TEN YEARS AGO it was extremely rare to be at the gym and find a kettlebell, a suspension trainer or a foam roller. If you happened upon one of these items, you would be hard pressed to find a fitness center in which to use them. Now, almost all fitness studios and chain gyms have eliminated many elliptical and chest machines to make room for functional training
machines – exercise machines that mimic human movement.
Achieving functional fitness is not hard. It involves a simple repertoire of moves that are so effective they’re being used by everyone from Navy SEALs to professional athletes. Functional training is nothing new, but too many “fitness professionals” today still tend to push old-school, single plane machines.
The phrase “train the movement not the muscles” describes the root of functional training. Muscles do not operate in isolation. Think about it: not a single sport requires bicep curls. And daily life never demands a seated hamstring extension. Yet every day fitness goers sit then push and pull then extend, as they perform actions that mimic nothing reflective of natural human movements.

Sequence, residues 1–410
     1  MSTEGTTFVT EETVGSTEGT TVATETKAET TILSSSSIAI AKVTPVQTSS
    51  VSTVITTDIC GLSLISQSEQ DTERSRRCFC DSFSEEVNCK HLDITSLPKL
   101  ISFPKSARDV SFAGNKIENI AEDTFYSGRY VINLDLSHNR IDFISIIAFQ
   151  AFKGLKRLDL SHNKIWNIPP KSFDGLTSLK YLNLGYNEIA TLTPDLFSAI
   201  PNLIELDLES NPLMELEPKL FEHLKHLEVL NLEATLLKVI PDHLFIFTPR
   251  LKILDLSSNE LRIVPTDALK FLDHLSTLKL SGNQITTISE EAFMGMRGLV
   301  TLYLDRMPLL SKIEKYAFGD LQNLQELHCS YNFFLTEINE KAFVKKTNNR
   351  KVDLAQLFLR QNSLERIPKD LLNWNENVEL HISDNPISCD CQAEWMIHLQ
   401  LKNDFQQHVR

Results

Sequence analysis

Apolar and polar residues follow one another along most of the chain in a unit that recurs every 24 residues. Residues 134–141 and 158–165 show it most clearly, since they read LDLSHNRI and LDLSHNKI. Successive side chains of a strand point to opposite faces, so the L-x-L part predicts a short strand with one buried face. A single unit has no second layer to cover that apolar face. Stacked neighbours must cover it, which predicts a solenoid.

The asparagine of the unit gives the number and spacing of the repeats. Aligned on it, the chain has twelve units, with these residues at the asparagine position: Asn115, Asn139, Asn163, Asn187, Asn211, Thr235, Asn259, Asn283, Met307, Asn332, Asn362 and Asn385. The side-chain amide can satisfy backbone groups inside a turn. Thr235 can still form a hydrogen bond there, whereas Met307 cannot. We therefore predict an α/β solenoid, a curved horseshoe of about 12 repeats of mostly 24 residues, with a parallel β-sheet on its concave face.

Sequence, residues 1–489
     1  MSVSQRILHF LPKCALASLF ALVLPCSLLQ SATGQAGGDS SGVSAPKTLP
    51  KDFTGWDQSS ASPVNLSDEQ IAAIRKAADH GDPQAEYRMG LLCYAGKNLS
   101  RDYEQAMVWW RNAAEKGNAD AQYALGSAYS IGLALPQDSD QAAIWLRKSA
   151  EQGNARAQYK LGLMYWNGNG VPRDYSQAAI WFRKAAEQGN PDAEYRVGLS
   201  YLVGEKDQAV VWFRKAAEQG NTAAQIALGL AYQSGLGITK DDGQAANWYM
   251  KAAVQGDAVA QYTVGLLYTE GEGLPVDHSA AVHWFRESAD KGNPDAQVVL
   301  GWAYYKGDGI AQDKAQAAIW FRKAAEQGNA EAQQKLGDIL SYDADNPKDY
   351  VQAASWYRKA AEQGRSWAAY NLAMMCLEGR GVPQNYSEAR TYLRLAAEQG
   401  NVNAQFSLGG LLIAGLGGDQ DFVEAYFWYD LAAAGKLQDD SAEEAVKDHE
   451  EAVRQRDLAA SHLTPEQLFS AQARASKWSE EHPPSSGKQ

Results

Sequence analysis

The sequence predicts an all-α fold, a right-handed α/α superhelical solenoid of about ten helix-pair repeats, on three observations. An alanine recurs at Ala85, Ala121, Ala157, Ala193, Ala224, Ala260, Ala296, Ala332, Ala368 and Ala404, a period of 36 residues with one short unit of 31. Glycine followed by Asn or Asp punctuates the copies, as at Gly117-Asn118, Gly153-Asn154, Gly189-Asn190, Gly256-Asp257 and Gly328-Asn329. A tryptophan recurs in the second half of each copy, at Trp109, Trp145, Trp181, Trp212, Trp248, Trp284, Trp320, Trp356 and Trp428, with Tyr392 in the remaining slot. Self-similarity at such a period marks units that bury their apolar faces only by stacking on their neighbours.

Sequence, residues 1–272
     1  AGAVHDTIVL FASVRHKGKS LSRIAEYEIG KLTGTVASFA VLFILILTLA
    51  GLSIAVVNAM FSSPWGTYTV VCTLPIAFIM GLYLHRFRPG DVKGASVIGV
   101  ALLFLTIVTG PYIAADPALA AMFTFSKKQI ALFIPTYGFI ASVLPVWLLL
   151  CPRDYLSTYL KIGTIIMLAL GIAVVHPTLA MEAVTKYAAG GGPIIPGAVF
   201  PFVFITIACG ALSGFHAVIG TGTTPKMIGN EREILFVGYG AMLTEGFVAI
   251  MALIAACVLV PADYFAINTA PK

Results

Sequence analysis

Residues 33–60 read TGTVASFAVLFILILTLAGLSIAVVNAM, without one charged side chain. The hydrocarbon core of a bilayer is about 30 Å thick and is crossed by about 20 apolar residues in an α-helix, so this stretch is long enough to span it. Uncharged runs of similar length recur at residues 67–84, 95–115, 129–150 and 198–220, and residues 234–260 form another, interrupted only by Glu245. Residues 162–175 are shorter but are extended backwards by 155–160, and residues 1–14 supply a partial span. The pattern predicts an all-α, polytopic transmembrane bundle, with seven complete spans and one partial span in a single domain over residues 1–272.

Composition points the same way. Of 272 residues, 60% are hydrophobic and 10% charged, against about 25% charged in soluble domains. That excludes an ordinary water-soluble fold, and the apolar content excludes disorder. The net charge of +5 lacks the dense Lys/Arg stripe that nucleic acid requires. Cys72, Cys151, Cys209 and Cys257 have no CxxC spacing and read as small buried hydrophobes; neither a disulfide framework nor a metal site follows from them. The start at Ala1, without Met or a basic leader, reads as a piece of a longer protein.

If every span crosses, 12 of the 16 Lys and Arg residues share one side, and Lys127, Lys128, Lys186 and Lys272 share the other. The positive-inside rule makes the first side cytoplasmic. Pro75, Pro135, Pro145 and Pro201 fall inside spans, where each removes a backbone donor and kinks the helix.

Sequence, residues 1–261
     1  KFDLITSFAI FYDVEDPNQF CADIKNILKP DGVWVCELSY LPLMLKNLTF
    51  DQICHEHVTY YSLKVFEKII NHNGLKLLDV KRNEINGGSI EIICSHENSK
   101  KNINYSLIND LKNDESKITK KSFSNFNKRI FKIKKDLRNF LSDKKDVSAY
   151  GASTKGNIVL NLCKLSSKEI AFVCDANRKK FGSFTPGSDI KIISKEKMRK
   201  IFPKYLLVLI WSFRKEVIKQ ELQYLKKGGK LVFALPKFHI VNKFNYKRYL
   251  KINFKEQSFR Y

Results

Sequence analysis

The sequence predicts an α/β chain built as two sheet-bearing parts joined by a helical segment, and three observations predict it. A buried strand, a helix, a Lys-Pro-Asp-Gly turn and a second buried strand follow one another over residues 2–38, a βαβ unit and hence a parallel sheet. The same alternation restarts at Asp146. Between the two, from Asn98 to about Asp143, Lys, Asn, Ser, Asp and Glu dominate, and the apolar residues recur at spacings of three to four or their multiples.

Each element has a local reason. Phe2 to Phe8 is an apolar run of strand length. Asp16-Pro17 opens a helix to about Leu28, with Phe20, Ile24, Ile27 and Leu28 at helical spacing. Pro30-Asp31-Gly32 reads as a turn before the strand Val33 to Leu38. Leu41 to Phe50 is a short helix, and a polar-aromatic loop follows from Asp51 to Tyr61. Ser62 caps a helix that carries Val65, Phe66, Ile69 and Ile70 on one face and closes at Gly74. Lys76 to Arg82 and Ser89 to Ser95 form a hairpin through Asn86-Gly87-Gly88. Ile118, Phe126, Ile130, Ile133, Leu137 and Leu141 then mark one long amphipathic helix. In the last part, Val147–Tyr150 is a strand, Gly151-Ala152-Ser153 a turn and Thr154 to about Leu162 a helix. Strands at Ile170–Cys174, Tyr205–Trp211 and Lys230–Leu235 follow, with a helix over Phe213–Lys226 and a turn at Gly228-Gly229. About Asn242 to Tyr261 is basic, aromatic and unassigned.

The type of fitness to embrace is one that helps us move better in our daily lives. Simultaneously, we need to focus on training that will reduce the chance of injury. We must focus on fundamental human movement patterns like running, squatting, jumping, standing, pushing and pulling.(Notice that I did not list sitting as a fundamental human pattern.) To achieve true functional fitness (in other words “real overall health”), you will need to work out with compound, multi-jointed movements on multiple planes.
If you can, perform this workout twice through. That gives you a 20-minute workout that gets you off of single-plane machines and into more beneficial, functional and multi-plane movements. You’ll find that your overall health, core strength, flexibility and mobility will be greatly improved by implementing multi-plane, functional movements.